In 10 seconds? Cancer care for pregnant patients is impacted by abortion limiting legislation in some US states–making patient-centered shared decision-making about cancer treatments less attainable.
Is it common for cancer patients to be pregnant? More so than you might have suspected! Pregnancy occurs most frequently among breast cancer patients. About 4% of breast cancer patients under 45 are diagnosed during pregnancy. That’s 27,000 patients in the US alone, and that number is rising each year.
Got it. And what exactly is the ‘shared decision-making process’ you mentioned? These days, there are many options for those seeking medical care. Each individual has their own preferences, dreams, and healthcare goals. Shared decision-making, as the name implies, is a best practice of medical care where healthcare decisions are made collaboratively between patients and their healthcare providers with an emphasis on the patient's goals and preferences. Shared decision-making is meant to replace models of care where healthcare providers unilaterally make healthcare decisions for their patients.
Makes sense. Patients should have a say in their healthcare. But how exactly is cancer care impacted by abortion restrictions? Alongside patient input (listening to patients’ concerns about their care), cancer treatment regimens (AKA any combination of treatments or surgeries) are recommended based on tumor-specific features (for example HER2+ or HER2-, which are subtypes of breast cancer) and the stage of cancer. An additional slew of complexities arises for pregnant cancer patients because many cancer treatments are unsafe for developing embryos. Depending on the stage of the tumor and trimester of pregnancy, some cancer patients may choose (and, indeed, may be encouraged by their oncologists) to terminate their pregnancy to undergo the cancer treatment option that is most likely to cure their cancer.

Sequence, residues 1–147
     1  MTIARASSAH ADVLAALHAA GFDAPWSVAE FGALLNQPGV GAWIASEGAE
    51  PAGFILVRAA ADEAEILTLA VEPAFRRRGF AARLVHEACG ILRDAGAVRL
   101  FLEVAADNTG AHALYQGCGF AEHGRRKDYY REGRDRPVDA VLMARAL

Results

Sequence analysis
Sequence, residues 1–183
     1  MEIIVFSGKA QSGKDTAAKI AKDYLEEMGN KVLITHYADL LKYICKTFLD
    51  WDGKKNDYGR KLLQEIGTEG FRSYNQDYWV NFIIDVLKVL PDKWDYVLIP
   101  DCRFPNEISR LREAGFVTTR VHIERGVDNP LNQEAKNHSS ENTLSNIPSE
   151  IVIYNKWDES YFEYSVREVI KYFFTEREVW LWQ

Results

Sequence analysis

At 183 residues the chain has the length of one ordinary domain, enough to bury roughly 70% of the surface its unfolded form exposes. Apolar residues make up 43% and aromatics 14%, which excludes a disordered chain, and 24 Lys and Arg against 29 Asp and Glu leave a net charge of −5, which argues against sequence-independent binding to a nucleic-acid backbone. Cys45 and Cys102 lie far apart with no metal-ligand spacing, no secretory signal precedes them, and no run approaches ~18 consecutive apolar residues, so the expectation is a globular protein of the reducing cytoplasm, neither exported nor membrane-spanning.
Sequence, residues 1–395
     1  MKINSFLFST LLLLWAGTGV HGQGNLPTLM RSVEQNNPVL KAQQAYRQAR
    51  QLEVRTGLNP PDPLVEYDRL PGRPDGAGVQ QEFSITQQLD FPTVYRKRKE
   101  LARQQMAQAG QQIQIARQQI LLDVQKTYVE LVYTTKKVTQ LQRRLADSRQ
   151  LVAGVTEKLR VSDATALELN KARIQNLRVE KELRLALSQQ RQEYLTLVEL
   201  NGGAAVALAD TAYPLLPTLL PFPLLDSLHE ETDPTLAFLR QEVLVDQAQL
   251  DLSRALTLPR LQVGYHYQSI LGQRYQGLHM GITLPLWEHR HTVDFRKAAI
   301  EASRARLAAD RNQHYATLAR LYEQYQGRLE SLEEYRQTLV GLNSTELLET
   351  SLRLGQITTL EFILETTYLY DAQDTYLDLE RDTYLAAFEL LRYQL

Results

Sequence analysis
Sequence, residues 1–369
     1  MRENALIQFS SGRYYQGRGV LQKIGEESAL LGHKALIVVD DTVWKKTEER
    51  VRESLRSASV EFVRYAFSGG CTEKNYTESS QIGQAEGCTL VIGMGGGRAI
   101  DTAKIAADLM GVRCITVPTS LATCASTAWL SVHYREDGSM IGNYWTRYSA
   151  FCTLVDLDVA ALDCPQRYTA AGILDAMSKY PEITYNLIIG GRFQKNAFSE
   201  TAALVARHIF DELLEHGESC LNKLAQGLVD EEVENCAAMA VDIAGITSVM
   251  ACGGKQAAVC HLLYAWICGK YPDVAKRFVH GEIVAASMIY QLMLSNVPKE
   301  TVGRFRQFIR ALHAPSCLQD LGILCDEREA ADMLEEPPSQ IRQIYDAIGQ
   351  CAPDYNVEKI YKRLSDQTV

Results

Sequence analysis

Got it. But can you give me some examples? Right away. Billions of US federal dollars have been poured into research to develop a slew of targeted cancer treatments for breast cancer. For example, tamoxifen, a drug used to treat the most common subtype of breast cancer (HER+) is known to cause fetal abnormalities. That means that in states with limited abortion access, many pregnant patients can only be safely administered chemotherapy, even though it doesn’t treat cancer as well and is associated with worse side effects.
That is very tough to hear... does that mean an abortion should not be excluded as an option? I know. As weighty (and frequently tragic) as these scenarios are, abortion may be a cancer patient’s best bet of survival. Some oncologists have raised concerns that these laws make evidence-based shared decision making with their patients unfeasible, lowering the quality of care they can provide and – let’s call a spade a spade –subsequently endangering cancer patients’ lives. Be that as it may, it's in the hands of state governments now to take these facts into consideration and decide what is the most ethical role for the government to play in dictating cancer treatment for pregnant patients. The predominant opinion of oncologists, however, is that it’s most ethical to leave healthcare decisions between doctors and patients.
What about cancer immunotherapy during pregnancy?
Treatments that boost the immune system to kill cancer, or immunotherapies, have revolutionized cancer care in the last decade. Since these treatments are so new, there’s no solid evidence showing if they negatively impact pregnancy outcomes.
Of note, however, immunotherapies intentionally disrupt multiple pathways in cancer that are also key to maintaining the complex maternal-fetal immune relationship. Much more research needs to be done to determine if and when immunotherapies are safe to use in pregnant cancer patients.
Dr. Talia Henkle has distilled 4 papers saving you 14 hours of reading time.
The Science Integrity Check of this 3-min Science Digest was performed by Flávia Oliveira Geraldes